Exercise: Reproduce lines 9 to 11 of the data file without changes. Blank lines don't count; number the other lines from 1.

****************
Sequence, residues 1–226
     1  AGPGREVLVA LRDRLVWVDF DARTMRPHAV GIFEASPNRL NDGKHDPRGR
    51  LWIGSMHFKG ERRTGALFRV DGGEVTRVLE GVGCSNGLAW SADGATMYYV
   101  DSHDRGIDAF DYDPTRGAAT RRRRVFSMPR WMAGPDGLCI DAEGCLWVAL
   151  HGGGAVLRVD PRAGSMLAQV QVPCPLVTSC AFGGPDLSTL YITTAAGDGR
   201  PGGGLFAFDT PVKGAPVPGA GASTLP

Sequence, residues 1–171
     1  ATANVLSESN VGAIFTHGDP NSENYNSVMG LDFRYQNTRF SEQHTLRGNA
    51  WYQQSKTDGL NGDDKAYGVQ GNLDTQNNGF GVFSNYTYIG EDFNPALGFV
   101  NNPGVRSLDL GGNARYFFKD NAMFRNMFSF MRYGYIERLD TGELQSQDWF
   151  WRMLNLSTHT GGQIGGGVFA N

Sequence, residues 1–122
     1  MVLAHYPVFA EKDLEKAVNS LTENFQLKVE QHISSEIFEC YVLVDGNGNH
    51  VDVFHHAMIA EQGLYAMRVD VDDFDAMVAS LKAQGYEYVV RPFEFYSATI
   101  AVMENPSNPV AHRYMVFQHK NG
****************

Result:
    51  WYQQSKTDGL NGDDKAYGVQ GNLDTQNNGF GVFSNYTYIG EDFNPALGFV
   101  NNPGVRSLDL GGNARYFFKD NAMFRNMFSF MRYGYIERLD TGELQSQDWF
   151  WRMLNLSTHT GGQIGGGVFA N